UConn basketball star Kemba Walker made headlines this week when he revealed that, upon graduating college, he had only ever finished one book. As The Root tells it:
In a recent interview with Sports Illustrated, Walker says he went through high school and college without reading an entire book cover to cover. What's even more surprising is the fact that Walker is actually graduating with a degree from UConn a year early.
[...] For an independent-study course, [UConn academic counselor Felicia] Crump suggested that Walker read William C. Rhoden's "Forty Million Dollar Slaves: The Rise, Fall, and Redemption of the Black Athlete," which turned out to be the first piece of literature he completed. "That's true," Walker told Sports Illustrated. "You can write that. It is the first book I've ever read."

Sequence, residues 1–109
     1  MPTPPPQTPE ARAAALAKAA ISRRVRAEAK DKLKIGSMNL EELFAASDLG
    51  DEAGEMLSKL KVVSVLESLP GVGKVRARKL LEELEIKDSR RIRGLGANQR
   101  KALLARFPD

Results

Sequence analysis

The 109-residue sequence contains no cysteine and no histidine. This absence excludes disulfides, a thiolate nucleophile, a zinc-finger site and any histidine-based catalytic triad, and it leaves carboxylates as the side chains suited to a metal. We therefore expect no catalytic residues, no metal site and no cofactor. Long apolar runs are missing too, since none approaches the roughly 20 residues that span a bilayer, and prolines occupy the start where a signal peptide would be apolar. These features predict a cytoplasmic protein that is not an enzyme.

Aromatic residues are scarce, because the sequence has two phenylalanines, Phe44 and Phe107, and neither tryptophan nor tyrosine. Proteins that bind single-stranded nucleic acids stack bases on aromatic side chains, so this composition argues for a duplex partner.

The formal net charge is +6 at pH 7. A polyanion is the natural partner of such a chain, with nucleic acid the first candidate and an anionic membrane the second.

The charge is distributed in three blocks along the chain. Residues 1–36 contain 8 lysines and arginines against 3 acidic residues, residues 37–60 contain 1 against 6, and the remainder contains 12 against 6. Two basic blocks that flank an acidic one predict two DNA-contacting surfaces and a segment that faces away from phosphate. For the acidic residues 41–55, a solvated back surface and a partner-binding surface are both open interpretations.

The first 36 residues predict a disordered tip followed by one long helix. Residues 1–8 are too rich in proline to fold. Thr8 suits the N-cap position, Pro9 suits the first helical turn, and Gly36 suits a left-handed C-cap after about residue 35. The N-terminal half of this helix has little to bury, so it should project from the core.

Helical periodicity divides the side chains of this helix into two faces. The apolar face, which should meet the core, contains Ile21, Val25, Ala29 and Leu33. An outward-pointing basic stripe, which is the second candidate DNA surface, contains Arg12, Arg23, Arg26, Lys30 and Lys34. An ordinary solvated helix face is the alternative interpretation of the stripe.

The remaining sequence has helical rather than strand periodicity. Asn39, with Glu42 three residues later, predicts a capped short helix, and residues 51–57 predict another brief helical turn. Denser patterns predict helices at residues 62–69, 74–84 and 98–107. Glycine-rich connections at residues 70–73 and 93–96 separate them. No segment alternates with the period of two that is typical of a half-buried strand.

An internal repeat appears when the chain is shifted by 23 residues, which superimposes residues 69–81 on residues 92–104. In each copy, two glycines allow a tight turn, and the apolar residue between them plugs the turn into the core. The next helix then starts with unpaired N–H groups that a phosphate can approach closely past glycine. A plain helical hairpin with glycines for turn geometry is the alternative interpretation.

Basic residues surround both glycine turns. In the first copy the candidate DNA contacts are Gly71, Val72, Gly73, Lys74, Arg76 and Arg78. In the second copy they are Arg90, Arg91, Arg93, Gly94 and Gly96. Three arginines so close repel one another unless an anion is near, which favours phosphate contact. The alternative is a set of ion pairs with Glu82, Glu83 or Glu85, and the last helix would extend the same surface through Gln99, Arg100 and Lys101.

Is this really a scandal, though? (Yes. Yes, it is.) However, if we were Walker, we would immediately start talking about all the books we started to read but couldn't finish, for various reasons. Here are some suggestions, with sample excuses:
»"Infinite Jest" — "I just couldn't get into the footnotes."
»"Ulysses" — "Modernism doesn't do it for me. The crisis of the self? Eh, take it or leave it."
»"Wuthering Heights" — "Heathcliff just isn't a believable character."
»"The Lord of the Rings" — "I started reading it, but then the movies were on Netflix, so, like, why not watch them instead?"
"The Bible" — "Don't worry, I love it! I'm just reading it very, very slowly."
"Portnoy's Complaint" — "I found Roth's prose style absurdly grating."
"War and Peace" — "1,500 pages? I've got practice, dude."
"The Corrections" — "I cannot abide anyone who feuds with Oprah."
"The Secret" — "LOL, 'The Secret' "
"The Scarlett Letter" — "I tried reading it in high school, but it's such a crappy, crappy book."